Too Early to Tell
The Complexity of Decision Making for Aortic Stenosis Patients at Low Surgical Risk
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The report from De Sciscio et al1 in this issue of Circulation: Cardiovascular Quality and Outcomes, suggestively titled “Quantifying the shift toward transcatheter aortic valve replacement in low-risk patients...,” illustrates the great interest of many stakeholders to predict the ultimate role of transcatheter aortic valve replacement (TAVR) in the treatment of severe aortic stenosis (AS). TAVR was commercially approved for patients with high to prohibitive surgical risk in 2011 and expanded to intermediate-risk patients in August of 2016. Now, ≈30% of TAVR centers in the United States are participating in 1 of 2 randomized trials comparing TAVR to surgery in low-risk patients.2,3 Our knowledge of the implications of TAVR in low-risk patients is limited, but apt to change in coming years with the results of ongoing trials.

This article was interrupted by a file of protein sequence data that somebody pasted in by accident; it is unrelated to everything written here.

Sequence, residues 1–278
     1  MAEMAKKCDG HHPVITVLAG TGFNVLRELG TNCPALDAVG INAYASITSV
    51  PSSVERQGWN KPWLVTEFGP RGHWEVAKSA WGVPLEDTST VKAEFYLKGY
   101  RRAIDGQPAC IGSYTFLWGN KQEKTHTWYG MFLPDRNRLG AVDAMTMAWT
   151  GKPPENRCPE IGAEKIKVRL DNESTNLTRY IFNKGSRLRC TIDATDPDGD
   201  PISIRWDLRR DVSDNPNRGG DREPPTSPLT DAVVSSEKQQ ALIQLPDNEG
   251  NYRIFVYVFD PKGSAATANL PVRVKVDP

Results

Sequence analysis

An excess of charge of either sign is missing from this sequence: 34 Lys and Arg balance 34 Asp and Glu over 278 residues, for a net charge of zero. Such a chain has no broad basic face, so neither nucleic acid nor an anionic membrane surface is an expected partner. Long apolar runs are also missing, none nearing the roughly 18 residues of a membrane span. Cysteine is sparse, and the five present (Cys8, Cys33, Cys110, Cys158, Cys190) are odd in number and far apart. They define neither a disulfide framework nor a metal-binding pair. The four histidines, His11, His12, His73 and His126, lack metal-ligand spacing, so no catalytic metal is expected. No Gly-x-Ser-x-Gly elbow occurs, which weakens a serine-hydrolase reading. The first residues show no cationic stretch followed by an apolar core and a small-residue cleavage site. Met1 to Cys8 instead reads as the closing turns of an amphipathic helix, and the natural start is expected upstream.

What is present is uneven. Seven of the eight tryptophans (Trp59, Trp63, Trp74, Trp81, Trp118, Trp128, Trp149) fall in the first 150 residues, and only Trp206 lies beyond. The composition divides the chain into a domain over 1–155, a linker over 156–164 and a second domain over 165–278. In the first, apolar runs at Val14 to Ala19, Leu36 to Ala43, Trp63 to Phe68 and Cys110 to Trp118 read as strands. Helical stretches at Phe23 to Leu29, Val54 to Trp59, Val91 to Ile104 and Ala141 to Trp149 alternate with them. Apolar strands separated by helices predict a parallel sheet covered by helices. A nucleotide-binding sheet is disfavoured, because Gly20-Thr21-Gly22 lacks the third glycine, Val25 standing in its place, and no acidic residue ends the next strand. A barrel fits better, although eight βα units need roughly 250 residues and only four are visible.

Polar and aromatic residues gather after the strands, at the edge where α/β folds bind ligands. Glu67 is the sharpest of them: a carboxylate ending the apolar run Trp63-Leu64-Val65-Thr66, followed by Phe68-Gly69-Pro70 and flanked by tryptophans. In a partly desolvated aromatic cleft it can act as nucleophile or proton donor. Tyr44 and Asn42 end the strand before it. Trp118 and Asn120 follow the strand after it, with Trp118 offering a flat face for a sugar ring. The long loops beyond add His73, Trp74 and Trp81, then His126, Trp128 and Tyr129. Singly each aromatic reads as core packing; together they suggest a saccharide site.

See Article by De Sciscio et al
Not surprisingly, there is an inevitable desire by policy makers, industry, the medical community, and others to take our past experience with TAVR in high-risk patients and apply it to lower risk populations to understand how this disruptive technology will affect surgical practice. In this context, De Sciscio et al1 sought to summarize available studies examining the prevalence of AS, and rates of progression to valve replacement, to define who may be eligible for surgical aortic valve replacement (SAVR), TAVR, or both in the coming years. Although this is a worthwhile endeavor, it is in the concept of eligibility where the predictions may be severely limited in defining how many patients there will be to shift from a surgical to a transcatheter approach. …